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Civil-Comp Proceedings
ISSN 1759-3433
CCP: 81
Edited by: B.H.V. Topping
Paper 83

Numerical Simulation of the Vortex Wave Flow in the Reactor for Wastewater Treatment

F.X. Liu, Z.J. Liu, Q.C. Shi and J.T. Zhou

Department of Chemical Machinery, Dalian University of Technology, Dalian, China

Full Bibliographic Reference for this paper
F.X. Liu, Z.J. Liu, Q.C. Shi, J.T. Zhou, "Numerical Simulation of the Vortex Wave Flow in the Reactor for Wastewater Treatment", in B.H.V. Topping, (Editor), "Proceedings of the Tenth International Conference on Civil, Structural and Environmental Engineering Computing", Civil-Comp Press, Stirlingshire, UK, Paper 83, 2005. doi:10.4203/ccp.81.83
Keywords: vortex wave, reactor, oscillatory flow, low-Reynolds number, numerical simulation, two-dimensional reactor.

In environmental engineering, the performance of membrane reactors is limited by concentration polarization and membrane fouling. Turbulent flow can reduce these effects but results in damage to microbial cells in the reactor. Low-Reynolds-number flows provide a good form to overcome these problems. Vortex wave flow works at low Reynolds numbers, which can be generated either by an unsteady motion of a channel wall [1] or by unsteady flow through an asymmetric channel expansion [2]. The vortex wave, generated at low speed, enhances the mass transfer of the boundary layer and has a significant impact on the hydrodynamics and the mass transfer rates. Superimposing vortex wave flow on membrane systems is a novel method that combines oscillatory flow and vortex formation to prolong the membrane's working life.

Sobey [2] showed that a vortex wave would form downstream of a fixed channel expansion during oscillatory flow by both experimental observations and calculations using finite-difference discretization of the momentum equations. Other calculations of unsteady flow past a fixed channel expansion, using the finite-element method, can be found in Deblois & Sobey [4]. The combination of vortex wave flow and membrane process has found an application in plasma filtration by Millward et al. [6,7] and their work shows that the vortex wave can generate impressive convective mixing in relatively wide channels, and consequently the wall shear rates are low enough for shear sensitive mediums.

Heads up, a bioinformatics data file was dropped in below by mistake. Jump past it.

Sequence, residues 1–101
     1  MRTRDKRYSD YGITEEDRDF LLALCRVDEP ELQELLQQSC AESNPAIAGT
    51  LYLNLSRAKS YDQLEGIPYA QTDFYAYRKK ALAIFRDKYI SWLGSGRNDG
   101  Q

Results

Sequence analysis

In this paper we consider calculations of some characteristics of a vortex wave to find the potential use of a vortex wave mechanism in membrane processes [3]. We present our calculations using the finite control volume method and primitive variables, based on the SIMPLE method [5]. This numerical method has proven credible and produced results which compare closely to the experimental results obtained by particle image velocimetry. It can be showed that the numerical simulations of the unsteady Navier-Stokes equations with simple computation region grids were reliable to the calculations of vortex wave flow field. Details of the flow patterns are presented, which give additional insight into the physical phenomena. The calculation results showed that a vortex wave can be present in the reactor when the Reynolds number (Re) and the Strouhal number (St) are moderate, and the vortex strength enhances as Re increases but the streamwise wavelength increases as St decreases. When the Reynolds number is too small or the Strouhal number is too large to form into vortex waves owing to the domination of the viscosity in the field. When the Reynolds number is too large, it becomes a three-dimensional field. As the Strouhal number is small, the flow can be treated as a quasi-steady field and cannot form a wave of vortices either. The main feature of the vortex wave is that it is a two-dimensional standing wave formed during the deceleration period and the core flow follows a curving path with a sequence of vortices forming alternately on each wall between the core flow and the walls of the channel.

In summary, a substantial increase in hydrodynamic and mass transfer of the vortex wave represents at relatively low Reynolds number, which is an absorbing characteristic in environmental engineering.

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